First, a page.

Hello everyone, it’s Jessica again, and welcome to CritIC: the pharmacokinetics series. Before we talk about metabolism and excretion, I’d like to explain the concept of clearance and half-life first. After the absorption and distribution of the drug, the body will try to get rid of it. A drug can be cleared in mainly 3 ways. By metabolism, in which the drug is transformed into an inactive substance that’s more water soluble, so that it then can be excreted. By direct excretion. Or by a combination of both.
The exact processes that happen in the liver and in the kidney are covered in the next videos. In this video, we’ll talk about the importance of clearance. Clearance is defined as the amount of plasma from which a substance is completely removed per unit time. Notice I didn’t say the amount of drug, but the amount of plasma. Its unit is volume per time, not concentration per time. Which can be confusing. See this bucket of water containing 6 drug particles. This volume is cleared by the kidney. Now it has no drug particles. Let’s call this clearance 100. See this other bucket of water: same amount of water, but now 24 drug particles. This volume is cleared by the kidney as well. Note that, the clearance is exactly the same, 100! The amount of drug that’s cleared changes, not the volume. This is what happens in what we call first-order kinetics. And since this applies to most drugs, we’ll leave it at that for this video. So why is this important? Well, through absorption and distribution, we’ve filled up our body (or bucket) with drug.
Now we learned that the body will try to get rid of it through clearance. If we know the clearance, we know how much to give the patient to maintain certain plasma levels What goes out, must go in again. So, clearance is important to calculate maintenance dose. So how long will it take to get into this steady state? That depends on the drug’s half-life, which is a way of bringing the volume of distribution and clearance together.
Half-life is defined as the period of time required for the concentration or amount of drug in plasma to be reduced by one-half. So assuming we’re at steady state, if we discontinue the drug, after one half-life of the drug 50% will be cleared after 2: 75% after 3: 87.5% after 4: 93.75% and after 5 half-lives 96.875% of the drug will be cleared. This graph can also be flipped: if we start with nothing, it will take about 5 half-lives before the drug will reach optimal serum concentrations. So half-life can be used to calculate when you’ll reach this steady state, and it can also help you to calculate when the drug is cleared from the body.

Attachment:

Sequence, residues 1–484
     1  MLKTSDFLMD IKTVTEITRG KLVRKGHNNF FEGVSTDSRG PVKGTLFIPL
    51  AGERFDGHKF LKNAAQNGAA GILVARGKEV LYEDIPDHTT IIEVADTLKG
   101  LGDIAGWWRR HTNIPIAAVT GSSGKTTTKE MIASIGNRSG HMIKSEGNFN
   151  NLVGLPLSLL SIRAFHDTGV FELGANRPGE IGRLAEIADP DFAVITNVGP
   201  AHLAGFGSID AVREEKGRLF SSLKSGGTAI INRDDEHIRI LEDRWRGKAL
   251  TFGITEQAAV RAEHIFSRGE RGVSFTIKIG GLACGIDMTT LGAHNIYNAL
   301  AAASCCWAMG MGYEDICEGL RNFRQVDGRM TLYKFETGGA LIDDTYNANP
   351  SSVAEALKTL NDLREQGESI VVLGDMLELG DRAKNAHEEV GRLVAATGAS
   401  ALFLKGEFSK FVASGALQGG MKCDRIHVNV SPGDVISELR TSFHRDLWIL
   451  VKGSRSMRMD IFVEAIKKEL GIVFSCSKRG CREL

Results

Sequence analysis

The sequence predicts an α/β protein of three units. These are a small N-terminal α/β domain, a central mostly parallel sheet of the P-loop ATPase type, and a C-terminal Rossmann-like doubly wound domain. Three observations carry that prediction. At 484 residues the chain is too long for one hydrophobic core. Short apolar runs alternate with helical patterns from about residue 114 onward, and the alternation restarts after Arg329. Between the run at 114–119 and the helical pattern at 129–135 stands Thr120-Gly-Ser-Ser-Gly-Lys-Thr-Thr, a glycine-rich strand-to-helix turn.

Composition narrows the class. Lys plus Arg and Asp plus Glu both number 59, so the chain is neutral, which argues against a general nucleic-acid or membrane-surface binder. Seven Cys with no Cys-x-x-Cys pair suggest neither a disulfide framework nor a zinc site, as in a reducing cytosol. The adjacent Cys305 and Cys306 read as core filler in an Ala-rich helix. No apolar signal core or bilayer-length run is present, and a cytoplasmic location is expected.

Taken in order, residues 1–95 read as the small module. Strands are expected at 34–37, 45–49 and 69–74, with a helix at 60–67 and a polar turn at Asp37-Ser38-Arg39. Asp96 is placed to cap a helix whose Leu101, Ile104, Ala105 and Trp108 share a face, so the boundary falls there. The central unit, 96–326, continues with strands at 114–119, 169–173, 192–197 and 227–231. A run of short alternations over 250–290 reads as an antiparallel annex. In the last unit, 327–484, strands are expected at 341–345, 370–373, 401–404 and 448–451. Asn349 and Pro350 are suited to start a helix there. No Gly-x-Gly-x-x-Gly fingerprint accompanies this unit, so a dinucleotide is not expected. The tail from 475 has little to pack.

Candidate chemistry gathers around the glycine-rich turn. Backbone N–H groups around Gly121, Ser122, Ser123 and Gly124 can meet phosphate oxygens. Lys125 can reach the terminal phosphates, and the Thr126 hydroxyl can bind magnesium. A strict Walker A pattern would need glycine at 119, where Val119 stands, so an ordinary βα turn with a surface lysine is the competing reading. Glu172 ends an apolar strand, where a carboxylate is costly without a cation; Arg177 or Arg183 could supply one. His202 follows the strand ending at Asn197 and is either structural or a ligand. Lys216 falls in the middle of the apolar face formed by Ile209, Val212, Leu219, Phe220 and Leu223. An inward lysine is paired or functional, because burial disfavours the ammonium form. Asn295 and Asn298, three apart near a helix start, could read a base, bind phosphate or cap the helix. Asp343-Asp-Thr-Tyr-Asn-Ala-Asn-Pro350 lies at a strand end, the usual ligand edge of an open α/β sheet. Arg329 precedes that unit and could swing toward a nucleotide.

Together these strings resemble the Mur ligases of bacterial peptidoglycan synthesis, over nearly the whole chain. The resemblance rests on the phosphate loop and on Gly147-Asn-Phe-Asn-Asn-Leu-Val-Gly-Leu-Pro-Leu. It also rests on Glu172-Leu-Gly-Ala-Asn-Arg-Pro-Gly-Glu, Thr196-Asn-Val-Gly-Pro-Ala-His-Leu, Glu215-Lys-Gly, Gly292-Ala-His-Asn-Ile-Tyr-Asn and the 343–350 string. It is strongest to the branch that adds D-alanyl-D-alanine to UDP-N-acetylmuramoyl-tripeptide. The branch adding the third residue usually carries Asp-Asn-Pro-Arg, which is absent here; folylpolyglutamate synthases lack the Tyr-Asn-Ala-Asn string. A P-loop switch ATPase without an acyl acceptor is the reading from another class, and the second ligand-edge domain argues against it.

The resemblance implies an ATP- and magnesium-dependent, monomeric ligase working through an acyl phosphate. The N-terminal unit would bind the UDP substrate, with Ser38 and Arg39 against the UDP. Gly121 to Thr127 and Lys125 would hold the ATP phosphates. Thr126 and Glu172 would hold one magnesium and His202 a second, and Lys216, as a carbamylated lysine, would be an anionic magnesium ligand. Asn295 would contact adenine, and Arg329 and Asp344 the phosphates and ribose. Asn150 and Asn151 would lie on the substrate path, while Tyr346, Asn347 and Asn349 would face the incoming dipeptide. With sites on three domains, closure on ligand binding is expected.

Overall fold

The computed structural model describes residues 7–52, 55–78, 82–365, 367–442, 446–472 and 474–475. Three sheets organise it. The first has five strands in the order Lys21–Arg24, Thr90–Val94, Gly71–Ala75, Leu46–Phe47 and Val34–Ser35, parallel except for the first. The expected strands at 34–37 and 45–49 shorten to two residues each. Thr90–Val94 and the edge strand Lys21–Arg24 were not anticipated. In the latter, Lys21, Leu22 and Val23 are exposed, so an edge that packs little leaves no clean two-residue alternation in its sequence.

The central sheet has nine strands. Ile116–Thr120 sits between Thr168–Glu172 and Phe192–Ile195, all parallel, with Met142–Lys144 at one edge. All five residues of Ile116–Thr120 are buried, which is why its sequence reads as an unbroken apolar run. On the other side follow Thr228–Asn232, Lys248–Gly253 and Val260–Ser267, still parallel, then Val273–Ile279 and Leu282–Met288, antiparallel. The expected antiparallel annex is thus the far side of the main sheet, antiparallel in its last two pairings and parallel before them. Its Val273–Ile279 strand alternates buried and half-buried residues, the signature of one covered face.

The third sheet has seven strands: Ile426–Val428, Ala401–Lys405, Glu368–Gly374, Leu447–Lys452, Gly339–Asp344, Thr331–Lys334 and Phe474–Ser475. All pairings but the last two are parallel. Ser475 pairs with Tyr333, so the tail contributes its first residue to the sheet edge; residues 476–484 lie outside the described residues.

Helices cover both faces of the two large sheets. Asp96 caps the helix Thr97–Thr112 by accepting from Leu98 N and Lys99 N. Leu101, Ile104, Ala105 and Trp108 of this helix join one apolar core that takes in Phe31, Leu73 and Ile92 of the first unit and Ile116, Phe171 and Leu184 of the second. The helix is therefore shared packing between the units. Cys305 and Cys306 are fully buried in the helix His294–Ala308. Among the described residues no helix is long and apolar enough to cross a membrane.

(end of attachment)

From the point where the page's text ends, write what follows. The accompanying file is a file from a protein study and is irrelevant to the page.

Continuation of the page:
The concept of half-life also helps you to predict what happens to the drug concentration when either clearance or volume of distribution are affected. For example, in renal failure. For a drug that’s renally cleared, if renal function halves, half-life doubles. Note that you do need to know how much of the drug is cleared by the liver and how much is cleared by the kidney. For example, a drug is cleared by both the liver and kidney for 50% each. This patient then develops renal failure. Let’s assume renal clearance is 50% of what it was before. The liver still does the same amount, but kidney only does half of 50%, which is 25%. So the clearance of that specific drug is now 75%, or 3 fourths. So, the half-life will increase with a factor 4 to 3, which equals an increase of 33%. Depending on the drug, you may want to adjust your dose. Now, let’s take a look at these steps individually in the next two videos on metabolism and excretion.
And that’s it for this video on clearance and half-life. If you like these series: it really does help me if you give them a thumbs-up, share them, subscribe to the channel or drop me a line in the comments section. Thanks!.
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